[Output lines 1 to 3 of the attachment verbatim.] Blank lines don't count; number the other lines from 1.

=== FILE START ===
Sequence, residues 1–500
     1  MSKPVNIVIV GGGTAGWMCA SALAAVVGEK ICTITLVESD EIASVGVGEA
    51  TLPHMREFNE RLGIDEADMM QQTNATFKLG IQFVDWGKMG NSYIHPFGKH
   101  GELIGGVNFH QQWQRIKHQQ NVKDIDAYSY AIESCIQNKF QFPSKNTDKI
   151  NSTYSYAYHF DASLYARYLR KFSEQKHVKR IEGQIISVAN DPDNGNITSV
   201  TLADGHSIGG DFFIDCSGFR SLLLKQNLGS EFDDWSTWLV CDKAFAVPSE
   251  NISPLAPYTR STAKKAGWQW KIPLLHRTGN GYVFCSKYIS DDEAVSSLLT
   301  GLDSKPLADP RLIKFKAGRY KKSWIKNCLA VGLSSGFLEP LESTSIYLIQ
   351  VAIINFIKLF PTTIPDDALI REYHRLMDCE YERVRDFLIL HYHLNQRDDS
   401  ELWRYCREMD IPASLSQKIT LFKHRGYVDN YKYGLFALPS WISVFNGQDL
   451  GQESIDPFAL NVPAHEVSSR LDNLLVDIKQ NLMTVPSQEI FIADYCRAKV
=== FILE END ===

Sequence, residues 1–500
     1  MSKPVNIVIV GGGTAGWMCA SALAAVVGEK ICTITLVESD EIASVGVGEA
    51  TLPHMREFNE RLGIDEADMM QQTNATFKLG IQFVDWGKMG NSYIHPFGKH